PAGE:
Congress Protects Sharks

Amongst the Tax Bill, Start1 nuclear weapon treaty, Don’t Ask Don’t Tell and the other legislation Congress is trying to pass during this lame duck session, is a win for wildlife.

Rarely does the Senate pass unanimous legislation, but it did so to end the cruel, wasteful practice of shark finning in U.S. It was also passed by the House.

Driven by demand in Asia for shark fin soup, the shark population is being decimated as fisherman cut off their fins and leave them to slowly die at sea. The practice was banned by the Shark Finning Prohibition Act of 2000, but hasn’t been successful because shark fins get a much higher price than shark meat. 

Sharks are severely threatened worldwide because of finning — there are estimated to be as few as 3,500 Great Whites left in the wild, and many other species are declining rapidly as well.

The Shark Conservation Act, introduced by Sen. John Kerry (D-MA), strengthens the law by requiring all vessels that catch sharks to bring them to land in tact, which will greatly simply enforcement efforts.  

Because of the high value of shark fins, non-fishing vessels have traveled outside U.S. waters in the Pacific Ocean, purchased fins from shark fishermen and then landed them in U.S. ports.  The new prohibition on transferring or transporting fins without the carcass attached will close a loophole which allowed non-fishing vessels to land fins without the shark bodies.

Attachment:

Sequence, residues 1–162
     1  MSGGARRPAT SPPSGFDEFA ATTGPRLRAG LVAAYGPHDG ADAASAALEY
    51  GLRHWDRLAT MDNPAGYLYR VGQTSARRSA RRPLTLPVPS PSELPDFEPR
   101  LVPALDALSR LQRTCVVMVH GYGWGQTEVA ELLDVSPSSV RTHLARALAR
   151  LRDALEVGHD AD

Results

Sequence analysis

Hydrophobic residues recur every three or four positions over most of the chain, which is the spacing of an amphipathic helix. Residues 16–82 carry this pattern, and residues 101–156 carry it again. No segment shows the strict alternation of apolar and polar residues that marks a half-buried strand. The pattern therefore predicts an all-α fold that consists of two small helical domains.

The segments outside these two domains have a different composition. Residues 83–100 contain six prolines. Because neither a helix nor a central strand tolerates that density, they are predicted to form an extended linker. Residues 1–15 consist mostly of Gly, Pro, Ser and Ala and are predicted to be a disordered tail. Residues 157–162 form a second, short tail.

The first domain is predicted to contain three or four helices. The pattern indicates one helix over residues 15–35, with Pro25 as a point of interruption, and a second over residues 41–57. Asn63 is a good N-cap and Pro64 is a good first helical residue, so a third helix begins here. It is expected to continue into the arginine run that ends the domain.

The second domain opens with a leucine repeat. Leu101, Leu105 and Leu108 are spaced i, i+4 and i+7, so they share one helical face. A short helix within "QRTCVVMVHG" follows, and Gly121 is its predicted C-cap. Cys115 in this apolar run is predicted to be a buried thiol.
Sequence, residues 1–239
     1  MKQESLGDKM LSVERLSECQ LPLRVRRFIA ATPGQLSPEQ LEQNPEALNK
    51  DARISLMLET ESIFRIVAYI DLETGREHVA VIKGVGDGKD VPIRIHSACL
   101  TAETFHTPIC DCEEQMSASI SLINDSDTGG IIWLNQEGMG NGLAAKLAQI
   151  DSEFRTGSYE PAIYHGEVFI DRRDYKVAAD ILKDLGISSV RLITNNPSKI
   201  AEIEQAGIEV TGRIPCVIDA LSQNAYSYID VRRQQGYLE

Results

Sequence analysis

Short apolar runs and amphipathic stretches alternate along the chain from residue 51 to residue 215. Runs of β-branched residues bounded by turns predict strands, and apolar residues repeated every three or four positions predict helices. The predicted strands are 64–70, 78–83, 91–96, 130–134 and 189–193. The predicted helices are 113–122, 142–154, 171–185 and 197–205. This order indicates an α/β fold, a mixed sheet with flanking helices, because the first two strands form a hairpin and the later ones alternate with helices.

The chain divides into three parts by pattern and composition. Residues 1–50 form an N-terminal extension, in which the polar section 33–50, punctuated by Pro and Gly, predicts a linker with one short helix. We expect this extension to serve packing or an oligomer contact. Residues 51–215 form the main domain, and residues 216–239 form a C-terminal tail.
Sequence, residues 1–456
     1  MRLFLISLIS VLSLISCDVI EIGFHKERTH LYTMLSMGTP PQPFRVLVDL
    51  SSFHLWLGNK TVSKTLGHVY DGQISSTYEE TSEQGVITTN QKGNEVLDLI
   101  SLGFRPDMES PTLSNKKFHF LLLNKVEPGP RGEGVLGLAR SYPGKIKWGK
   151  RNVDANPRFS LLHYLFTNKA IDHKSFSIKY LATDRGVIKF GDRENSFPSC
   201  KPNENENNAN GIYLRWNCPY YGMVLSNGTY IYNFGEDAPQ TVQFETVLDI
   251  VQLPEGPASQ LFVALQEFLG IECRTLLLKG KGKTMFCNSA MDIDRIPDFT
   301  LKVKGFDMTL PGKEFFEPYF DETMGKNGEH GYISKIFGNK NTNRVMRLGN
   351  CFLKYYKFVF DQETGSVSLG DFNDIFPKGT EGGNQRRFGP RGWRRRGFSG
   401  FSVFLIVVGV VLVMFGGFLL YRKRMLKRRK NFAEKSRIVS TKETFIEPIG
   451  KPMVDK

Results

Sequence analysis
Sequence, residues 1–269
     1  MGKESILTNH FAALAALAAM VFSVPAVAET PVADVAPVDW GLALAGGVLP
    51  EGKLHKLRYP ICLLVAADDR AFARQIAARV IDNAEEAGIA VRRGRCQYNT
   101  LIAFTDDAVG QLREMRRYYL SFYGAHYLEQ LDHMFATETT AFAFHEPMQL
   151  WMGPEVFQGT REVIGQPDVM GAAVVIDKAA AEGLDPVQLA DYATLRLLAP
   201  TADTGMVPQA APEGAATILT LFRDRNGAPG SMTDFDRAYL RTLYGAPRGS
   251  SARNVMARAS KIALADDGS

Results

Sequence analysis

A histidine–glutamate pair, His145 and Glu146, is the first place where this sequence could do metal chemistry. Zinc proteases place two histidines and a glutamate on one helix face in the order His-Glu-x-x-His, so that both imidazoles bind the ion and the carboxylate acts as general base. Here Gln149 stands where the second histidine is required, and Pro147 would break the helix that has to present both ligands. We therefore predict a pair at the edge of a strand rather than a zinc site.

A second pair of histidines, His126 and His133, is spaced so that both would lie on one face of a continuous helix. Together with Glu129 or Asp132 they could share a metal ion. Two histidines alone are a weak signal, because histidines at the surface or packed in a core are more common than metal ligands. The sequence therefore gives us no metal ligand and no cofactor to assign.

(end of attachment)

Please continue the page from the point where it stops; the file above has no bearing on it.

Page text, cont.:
To improve international efforts to protect sharks, the Shark Conservation Act of 2009 amends the High Seas Driftnet Fishing Moratorium Protection Act to require the Secretary of Commerce to identify and list nations that have not adopted a regulatory program for shark conservation comparable to the US. This new provision promotes the conservation of sharks internationally and in a manner that is consistent with the expectations placed on U.S. fishermen.

Sen. Tom Coburn (R-OK) had blocked the bill because it would  cost taxpayer money. The five-year, $5 million cost has now been offset by cutting that amount from a federal fisheries grant program over the next two years.

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Comments on “Congress Protects Sharks”

  1. Chad "Boot Knife" Mudd

    I think sharks are btter left alone.Sharks are apex predators.If prey population booms and there are not enough predtotrs to control the prey it sets the system off balance.

    Reply

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